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triplum Rite majorem Jacobus canamus, Ordinis summi decus, o fideles. Blanda sit semper tibi sors viator. Exite, laudes, hominum patrono! Rebus et frater paribus Jesus Tam novas Christi facies uterque Visit; ut Petrus sequitur magistrum Sponte, dilectus fieri alumnus. Audivit vocem Jacobi sonoram Corda divinis penitus moventem Legis acceptae Pharisaeus hostis; Ora conversus lacrimis rigavit. Vinctus a turba prius obsequente. Cum magus sperat Jacobum ligare, Vertit in penas rabiem furoris, Respuit tandem magicos abusus. Motetus Artibus summis miseri reclusi, Tanta qui fidunt Jacob merenti, Vinculis ruptis petiere terram Saltibus gressu stupuere, planam. Sopor annosae paralysis altus Accitu sancti posuit rigorem. Novit ut Christi famulum satelles, Colla dimisit, venerans ligatum. Tu patri natum laqueis iniquis Insitum servas. Duce te precamur: Jam mori vi non metuat viator, At suos sospes repetat penates! Corporis custos animaeque fortis, Omnibus prosis baculoque sancto Bella tu nostris moveas ab oris. Ipse sed totum tege jam Robertum!
- by Anonymous / Unidentified Author [author's text not yet checked against a primary source]
Musical settings (art songs, Lieder, mélodies, (etc.), choral pieces, and other vocal works set to this text), listed by composer (not necessarily exhaustive)
- by Guillaume Dufay (c1400 - 1474), "Rite majorem Jacobus canamus", 1426-7 [ vocal quintet], isorhythmic motet [text verified 1 time]
Available translations, adaptations, and transliterations (if applicable):
- ENG English (David Wyatt) , title 1: "According to custom, let us sing to St James the Greater", copyright © 2012, (re)printed on this website with kind permission
Researcher for this text: Guy Laffaille [Guest Editor]
This text was added to the website: 2009-01-08
Line count: 35
Word count: 150
Triplum According to custom, let us sing to St James the Greater, The ornament of the highest rank, o faithful people. May fate that goes with you be kind to you. Go out, praises, to the patron of mankind!. His brother too, in all ways his equal, saw with him The so-changed appearance of Christ; Like Peter he followed the master Freely, chosen to become his disciple. The Pharisee, enemy of the law received from God, Heard the ringing voice of James Moving his heart within him by its inspiration; Converted he washed his face with tears. Bound by a previously-submissive crowd When a sorcerer hoped to tie up James, He coverted the madness of his raging into penance And at last rejected the misused magic. Motetus The wretched, shut away by great arts, Who trusted so greatly in deserving James, Leapt towards the open ground, their chains broken, And were amazed. The deep tiredness of many years' paralysis Set aside its rigidity at the saint's summons. As the attendant recognised Christ's servant He set him free, venerating the bound man. You saved the son, trapped in unjust bonds, For his father. We beg you as our leader, That the traveller should not now fear to die by violence, And unharmed should regain his own household! Strong guardian of body and soul, Do good to us all and with your holy staff Remove war from our lands. And you yourself, now protect Robert entirely!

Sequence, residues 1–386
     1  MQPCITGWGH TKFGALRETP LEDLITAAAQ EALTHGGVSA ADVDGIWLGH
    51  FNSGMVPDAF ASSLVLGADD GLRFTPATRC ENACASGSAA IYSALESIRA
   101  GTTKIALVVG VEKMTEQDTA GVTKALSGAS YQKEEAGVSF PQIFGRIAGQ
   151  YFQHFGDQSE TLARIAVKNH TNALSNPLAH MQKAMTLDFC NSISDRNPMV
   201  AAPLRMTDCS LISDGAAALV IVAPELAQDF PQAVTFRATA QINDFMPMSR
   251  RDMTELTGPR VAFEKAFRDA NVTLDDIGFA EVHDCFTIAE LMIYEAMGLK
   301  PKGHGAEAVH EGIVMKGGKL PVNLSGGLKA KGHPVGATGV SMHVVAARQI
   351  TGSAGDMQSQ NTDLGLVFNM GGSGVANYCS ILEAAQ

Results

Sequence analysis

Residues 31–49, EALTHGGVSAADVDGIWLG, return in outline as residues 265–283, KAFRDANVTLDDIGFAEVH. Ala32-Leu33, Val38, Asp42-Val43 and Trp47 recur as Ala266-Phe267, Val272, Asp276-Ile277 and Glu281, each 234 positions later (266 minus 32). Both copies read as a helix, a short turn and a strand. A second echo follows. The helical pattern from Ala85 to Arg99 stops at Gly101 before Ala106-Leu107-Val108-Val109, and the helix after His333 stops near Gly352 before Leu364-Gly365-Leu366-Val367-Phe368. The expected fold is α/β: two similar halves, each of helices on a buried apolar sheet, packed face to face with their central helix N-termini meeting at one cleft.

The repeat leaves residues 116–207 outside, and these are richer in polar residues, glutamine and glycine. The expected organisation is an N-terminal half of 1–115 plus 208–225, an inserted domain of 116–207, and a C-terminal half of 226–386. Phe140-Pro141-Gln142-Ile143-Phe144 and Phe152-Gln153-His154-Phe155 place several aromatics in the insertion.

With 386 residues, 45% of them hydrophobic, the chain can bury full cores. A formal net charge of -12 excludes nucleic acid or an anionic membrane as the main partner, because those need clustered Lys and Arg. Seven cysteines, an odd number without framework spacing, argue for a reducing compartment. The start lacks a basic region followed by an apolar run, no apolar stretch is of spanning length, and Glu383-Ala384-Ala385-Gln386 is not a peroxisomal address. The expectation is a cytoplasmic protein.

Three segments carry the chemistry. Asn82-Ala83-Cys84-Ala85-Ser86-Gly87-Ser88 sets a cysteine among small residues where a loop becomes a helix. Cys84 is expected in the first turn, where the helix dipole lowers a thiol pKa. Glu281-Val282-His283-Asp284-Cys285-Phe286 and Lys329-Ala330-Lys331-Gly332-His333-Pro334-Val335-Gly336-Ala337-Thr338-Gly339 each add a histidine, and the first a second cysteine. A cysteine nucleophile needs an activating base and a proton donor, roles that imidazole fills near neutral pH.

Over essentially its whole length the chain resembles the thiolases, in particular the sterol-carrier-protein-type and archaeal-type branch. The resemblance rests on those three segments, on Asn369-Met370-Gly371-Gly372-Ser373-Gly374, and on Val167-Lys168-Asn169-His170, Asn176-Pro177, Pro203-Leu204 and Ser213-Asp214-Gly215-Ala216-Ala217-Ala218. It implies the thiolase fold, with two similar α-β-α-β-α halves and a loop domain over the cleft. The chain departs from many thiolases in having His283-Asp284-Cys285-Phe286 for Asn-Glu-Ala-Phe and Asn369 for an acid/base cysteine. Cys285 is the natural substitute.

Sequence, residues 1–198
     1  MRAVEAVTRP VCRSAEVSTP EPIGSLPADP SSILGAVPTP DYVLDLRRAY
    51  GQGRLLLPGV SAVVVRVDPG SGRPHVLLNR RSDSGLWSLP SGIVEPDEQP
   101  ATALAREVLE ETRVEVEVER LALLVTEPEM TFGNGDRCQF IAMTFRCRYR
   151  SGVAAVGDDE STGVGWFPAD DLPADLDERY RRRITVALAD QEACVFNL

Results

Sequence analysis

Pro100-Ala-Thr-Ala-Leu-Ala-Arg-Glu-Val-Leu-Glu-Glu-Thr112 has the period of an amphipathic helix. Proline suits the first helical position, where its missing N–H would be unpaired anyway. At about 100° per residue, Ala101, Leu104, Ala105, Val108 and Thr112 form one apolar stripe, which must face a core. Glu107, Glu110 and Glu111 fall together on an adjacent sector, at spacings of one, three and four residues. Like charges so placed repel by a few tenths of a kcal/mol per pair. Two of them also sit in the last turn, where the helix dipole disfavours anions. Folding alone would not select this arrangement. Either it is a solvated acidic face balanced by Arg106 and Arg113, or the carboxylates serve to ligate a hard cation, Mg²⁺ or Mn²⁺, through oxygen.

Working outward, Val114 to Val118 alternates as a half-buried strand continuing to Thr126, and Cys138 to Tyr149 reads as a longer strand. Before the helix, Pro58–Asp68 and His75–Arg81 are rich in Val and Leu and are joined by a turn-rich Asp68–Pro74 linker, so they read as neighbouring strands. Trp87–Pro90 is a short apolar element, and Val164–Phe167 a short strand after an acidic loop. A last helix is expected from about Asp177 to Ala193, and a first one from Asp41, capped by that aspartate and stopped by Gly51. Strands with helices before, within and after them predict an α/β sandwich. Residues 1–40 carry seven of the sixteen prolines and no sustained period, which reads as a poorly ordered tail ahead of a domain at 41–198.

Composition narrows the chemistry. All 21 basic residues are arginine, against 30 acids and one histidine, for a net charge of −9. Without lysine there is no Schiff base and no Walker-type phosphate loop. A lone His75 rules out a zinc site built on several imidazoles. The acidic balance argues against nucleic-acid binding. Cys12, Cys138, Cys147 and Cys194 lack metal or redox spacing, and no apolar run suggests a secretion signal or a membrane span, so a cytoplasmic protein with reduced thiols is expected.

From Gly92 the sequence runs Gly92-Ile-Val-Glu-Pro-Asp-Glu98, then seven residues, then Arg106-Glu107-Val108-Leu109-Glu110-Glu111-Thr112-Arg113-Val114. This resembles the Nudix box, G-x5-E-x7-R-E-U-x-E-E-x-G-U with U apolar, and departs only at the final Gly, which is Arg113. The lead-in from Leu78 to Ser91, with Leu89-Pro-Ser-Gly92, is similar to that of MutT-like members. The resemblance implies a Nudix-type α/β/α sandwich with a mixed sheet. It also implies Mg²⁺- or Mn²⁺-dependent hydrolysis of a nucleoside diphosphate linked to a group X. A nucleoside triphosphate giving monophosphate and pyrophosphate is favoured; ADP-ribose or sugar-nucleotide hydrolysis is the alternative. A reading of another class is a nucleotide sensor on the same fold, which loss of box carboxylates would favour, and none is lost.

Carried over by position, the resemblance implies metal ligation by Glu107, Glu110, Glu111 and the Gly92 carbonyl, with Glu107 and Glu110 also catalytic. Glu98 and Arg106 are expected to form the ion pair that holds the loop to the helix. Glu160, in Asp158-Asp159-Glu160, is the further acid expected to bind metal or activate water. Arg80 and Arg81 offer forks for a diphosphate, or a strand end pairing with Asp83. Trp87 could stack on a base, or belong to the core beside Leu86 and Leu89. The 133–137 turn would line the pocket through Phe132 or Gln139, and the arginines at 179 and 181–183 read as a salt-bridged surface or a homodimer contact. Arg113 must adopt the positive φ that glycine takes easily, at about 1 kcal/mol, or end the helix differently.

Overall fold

- Translation from Latin to English copyright © 2012 by David Wyatt, (re)printed on this website with kind permission. To reprint and distribute this author's work for concert programs, CD booklets, etc., you may ask the copyright-holder(s) directly or ask us; we are authorized to grant permission on their behalf. Please provide the translator's name when contacting us.
This text was added to the website: 2012-07-03
Line count: 35
Word count: 244